It’s not woolly, but it needs saying

No wool here. But as an ex- and sometime hack, and as a blogger who therefore still works in the public domain the minute I press ‘publish’, I have to make some comment on the events of the last week in France. Not much, just this:

up yours

This cartoon, by Dave Brown, was on the cover of the Independent on Thursday morning. There’s a great interview with him – and also the Guardian’s Steve Bell – on the Indy‘s website.

I’ve had a succession of arguments since Wednesday morning, but I’m with Voltaire. Well, allegedly Voltaire (it was reported speech, let’s be accurate): I disapprove of what you say, but I will defend to the death your right to say it.

And this is from the author and illustrator Sarah McIntyre, via Comics Alliance:

Yo!

Quite. And channelling my equally stroppy ancestors, ‘ tous aux barricades’. Freedom must be defended, even by the smallest voices, otherwise – well, that doesn’t bear thinking about. We all know how it ends: in death and darkness.

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10 thoughts on “It’s not woolly, but it needs saying

    1. kate Post author

      Thanks so much – and that’s a good montage. There are infinitely more good people than bad people around, and looking at some of the extraordinary footage from today’s march in Paris is very heartening…

      Reply
      1. thetinfoilhatsociety

        The problem was, and is, that the good people don’t stand up and demand that their religion not be denigrated in the eyes of the world by radicals. I agree with Murdoch on this one statement. It’s great that a Muslim saved a bunch of Jewish people during the grocery store massacre, but why did no one go to the police beforehand? I KNOW there were people in the neighborhood who knew something was up. You can’t plan something like this, and make statements like those that were made before all this started, without people knowing about it. The exact plan may have been a secret, but their intentions most certainly were not. Until peaceful Muslims stand up and shout down their radical counterparts, and until peaceful clerics do the same, there will be no peace. I have Muslim friends, the same as I have Pagan friends and Jewish friends and Christian friends and atheist friends, and it disturbs me that my Muslim friends have been utterly silent on this topic.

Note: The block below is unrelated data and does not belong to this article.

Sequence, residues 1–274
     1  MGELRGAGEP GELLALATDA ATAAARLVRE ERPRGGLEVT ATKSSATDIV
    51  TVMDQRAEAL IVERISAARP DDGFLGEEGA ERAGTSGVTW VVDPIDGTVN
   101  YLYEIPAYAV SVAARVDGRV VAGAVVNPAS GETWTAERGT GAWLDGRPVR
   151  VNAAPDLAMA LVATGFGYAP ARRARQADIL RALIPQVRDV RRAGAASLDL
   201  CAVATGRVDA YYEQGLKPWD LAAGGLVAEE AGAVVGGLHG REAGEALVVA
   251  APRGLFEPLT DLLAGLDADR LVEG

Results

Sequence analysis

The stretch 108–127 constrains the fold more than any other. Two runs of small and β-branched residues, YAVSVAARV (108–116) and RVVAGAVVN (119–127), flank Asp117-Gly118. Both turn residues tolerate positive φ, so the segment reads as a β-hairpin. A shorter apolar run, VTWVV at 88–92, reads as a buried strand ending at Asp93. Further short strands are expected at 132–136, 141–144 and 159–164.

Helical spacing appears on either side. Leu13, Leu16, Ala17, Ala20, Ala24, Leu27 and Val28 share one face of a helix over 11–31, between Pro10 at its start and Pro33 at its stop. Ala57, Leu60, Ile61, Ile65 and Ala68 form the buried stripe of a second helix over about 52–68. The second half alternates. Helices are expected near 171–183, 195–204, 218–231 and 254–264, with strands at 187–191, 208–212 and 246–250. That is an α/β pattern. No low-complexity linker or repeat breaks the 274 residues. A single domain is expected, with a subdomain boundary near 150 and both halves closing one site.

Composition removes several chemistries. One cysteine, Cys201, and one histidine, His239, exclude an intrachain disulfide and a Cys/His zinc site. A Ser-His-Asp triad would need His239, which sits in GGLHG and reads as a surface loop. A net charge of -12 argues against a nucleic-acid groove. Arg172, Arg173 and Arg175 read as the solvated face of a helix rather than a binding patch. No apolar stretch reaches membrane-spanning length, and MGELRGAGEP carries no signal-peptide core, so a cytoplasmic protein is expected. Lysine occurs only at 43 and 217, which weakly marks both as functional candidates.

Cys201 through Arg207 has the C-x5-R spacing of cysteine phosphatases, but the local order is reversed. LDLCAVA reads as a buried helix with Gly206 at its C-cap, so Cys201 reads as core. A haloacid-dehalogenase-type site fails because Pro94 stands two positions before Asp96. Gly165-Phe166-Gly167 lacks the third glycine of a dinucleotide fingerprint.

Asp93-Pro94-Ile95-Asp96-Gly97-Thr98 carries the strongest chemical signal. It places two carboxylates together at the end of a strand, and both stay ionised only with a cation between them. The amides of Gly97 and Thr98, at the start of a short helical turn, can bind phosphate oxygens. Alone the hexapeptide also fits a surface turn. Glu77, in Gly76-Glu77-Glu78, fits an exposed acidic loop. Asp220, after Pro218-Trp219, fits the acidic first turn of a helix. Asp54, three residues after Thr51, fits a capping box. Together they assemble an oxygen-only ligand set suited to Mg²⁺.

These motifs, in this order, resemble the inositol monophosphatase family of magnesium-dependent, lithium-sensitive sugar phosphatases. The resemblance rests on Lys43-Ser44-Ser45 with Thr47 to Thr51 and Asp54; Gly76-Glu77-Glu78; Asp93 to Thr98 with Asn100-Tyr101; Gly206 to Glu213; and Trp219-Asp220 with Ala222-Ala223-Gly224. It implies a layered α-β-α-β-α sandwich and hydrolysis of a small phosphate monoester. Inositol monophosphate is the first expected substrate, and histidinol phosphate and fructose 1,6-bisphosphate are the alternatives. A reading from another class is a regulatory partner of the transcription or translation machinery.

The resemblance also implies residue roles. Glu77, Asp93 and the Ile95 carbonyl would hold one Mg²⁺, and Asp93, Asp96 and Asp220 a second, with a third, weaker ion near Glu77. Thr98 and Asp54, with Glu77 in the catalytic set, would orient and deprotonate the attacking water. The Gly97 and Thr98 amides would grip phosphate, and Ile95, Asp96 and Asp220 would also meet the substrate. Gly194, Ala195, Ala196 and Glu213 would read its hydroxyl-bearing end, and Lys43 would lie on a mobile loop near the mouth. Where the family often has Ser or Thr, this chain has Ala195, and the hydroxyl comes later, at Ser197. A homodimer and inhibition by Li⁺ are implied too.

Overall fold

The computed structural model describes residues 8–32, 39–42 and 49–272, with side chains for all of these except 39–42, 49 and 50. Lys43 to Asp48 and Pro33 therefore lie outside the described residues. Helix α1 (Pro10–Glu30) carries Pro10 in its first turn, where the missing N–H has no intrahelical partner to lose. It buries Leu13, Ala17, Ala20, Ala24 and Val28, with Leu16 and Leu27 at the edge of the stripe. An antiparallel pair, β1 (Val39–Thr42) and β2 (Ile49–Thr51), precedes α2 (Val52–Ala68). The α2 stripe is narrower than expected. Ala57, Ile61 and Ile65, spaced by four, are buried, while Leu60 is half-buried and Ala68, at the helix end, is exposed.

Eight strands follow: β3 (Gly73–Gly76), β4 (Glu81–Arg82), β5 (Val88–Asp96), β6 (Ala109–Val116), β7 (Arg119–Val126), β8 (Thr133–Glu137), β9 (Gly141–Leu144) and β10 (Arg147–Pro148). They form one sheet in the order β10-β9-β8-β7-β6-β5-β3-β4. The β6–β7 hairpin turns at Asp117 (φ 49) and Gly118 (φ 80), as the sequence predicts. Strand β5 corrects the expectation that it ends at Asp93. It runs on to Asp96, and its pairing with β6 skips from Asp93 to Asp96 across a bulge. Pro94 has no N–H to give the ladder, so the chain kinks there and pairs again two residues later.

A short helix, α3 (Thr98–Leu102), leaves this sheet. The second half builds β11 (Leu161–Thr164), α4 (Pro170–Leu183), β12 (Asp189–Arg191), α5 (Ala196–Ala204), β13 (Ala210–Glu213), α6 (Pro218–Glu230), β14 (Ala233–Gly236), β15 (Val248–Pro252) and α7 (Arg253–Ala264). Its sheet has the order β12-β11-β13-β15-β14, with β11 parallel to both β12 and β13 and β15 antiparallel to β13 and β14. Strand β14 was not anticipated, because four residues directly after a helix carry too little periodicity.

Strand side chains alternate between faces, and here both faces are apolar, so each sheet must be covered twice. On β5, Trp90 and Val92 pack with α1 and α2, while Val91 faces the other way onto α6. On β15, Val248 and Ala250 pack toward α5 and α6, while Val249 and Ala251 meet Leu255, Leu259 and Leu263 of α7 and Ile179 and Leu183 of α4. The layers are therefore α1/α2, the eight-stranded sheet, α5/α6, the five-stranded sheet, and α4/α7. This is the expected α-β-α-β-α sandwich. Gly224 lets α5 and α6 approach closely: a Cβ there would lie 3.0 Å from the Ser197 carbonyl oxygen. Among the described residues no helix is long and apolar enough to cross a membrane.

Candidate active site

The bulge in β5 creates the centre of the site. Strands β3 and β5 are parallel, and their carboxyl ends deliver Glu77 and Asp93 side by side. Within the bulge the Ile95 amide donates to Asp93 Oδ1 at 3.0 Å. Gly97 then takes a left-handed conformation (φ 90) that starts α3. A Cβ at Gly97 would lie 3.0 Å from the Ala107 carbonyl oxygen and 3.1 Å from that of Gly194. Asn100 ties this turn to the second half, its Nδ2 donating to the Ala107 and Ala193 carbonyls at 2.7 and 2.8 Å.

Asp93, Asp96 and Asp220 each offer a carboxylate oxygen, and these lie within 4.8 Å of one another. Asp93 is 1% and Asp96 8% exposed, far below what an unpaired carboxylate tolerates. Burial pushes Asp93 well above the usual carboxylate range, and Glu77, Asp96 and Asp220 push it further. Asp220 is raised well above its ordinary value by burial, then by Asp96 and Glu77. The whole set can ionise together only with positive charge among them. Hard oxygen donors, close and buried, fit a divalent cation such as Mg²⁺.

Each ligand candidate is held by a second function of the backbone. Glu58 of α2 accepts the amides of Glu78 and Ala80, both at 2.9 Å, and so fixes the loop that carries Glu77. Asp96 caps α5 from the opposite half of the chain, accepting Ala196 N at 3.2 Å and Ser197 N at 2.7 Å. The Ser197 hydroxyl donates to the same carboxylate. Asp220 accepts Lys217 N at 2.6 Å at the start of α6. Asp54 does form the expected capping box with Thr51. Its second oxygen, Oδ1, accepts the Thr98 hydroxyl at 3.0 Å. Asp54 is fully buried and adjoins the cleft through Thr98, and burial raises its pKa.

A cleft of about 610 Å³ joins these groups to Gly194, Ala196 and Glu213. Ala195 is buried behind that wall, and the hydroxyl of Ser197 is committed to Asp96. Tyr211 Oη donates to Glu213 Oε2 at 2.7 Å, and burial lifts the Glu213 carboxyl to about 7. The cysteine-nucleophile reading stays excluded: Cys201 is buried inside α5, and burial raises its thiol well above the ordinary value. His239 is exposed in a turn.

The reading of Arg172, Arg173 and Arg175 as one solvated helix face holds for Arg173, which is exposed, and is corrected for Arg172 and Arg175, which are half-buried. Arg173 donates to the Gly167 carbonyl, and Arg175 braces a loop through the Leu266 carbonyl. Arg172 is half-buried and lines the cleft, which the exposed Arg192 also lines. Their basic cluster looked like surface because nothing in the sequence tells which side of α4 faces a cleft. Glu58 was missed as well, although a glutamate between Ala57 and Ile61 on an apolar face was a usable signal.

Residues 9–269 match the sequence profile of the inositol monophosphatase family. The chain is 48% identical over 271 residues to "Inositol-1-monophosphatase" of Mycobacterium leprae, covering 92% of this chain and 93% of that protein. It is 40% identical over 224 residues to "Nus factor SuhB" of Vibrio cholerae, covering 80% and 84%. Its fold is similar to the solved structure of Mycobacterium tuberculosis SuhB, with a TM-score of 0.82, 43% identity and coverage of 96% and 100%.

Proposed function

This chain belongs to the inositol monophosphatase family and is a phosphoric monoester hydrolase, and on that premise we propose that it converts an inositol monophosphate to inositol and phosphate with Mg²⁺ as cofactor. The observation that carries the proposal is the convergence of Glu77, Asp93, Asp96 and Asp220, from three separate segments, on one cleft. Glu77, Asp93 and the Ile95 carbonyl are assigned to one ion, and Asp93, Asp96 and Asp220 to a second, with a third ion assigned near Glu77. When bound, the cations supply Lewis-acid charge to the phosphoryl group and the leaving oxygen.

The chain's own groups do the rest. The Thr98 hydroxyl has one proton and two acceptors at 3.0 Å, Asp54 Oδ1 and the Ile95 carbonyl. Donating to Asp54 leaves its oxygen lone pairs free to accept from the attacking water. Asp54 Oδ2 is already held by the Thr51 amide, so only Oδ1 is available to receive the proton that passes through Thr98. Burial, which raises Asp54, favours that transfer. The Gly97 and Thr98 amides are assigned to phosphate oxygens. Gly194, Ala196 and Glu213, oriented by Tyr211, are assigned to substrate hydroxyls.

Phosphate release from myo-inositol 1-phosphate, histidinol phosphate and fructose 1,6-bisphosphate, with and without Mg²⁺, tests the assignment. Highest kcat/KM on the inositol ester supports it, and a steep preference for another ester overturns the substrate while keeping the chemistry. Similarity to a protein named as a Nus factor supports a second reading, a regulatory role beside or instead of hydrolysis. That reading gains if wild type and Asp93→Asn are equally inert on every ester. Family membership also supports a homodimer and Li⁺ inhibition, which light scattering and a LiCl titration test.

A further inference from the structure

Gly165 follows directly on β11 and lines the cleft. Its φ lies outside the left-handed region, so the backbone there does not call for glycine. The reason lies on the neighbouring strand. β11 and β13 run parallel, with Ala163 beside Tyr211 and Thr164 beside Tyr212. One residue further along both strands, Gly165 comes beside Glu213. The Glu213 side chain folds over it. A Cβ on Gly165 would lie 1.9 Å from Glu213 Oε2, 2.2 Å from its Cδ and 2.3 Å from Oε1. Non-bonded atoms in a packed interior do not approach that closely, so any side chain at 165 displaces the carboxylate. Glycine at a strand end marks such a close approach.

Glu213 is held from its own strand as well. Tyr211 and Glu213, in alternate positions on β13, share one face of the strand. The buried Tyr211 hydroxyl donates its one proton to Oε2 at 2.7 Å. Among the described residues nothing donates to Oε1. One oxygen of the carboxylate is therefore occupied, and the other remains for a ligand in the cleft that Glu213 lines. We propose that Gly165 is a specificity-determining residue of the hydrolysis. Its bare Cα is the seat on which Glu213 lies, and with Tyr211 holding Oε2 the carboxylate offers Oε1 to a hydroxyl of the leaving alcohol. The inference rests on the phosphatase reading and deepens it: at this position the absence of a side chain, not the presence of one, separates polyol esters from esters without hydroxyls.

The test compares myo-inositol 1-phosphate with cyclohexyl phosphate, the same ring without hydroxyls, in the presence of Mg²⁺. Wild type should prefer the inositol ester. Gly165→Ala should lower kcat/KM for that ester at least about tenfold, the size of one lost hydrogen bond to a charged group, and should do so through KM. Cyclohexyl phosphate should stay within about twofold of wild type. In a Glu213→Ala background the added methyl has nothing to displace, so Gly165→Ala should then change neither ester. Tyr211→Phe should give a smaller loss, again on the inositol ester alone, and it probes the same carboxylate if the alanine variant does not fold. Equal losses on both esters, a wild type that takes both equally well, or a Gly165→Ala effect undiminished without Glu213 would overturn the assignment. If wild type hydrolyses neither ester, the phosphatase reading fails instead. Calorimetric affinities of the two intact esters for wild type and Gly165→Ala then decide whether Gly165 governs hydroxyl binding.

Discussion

Reply
        1. kate Post author

          I had a long think about this one, and it prompted me to ask some direct questions. Let me say right now that some of my Muslim friends have condemned it from the get-go – being appalled and disgusted, and one quoted the Koran in direct support of his condemnation, citing what had been said about avoiding extremes of religion by the man himself. Some were in Sunday’s march in Paris.

          The resulting discussions also reminded me, sadly, of what I was told about the position of some of my grandparents’ Jewish contemporaries in 1930s France, who apparently kept their heads down to avoid ‘trouble’. Unfortunately, if there’s one thing that the history of the last century teaches us, it’s that keeping your heads below the parapet achieves precisely nothing. Nothing. Except it plays into the hands of extremists – on all sides.

    1. kate Post author

      Yo… pass me a placard. Sometimes our resolve is tested, and we do have to consider hate crime – and how we define it – but the underlying principle is absolutely there.

      Reply

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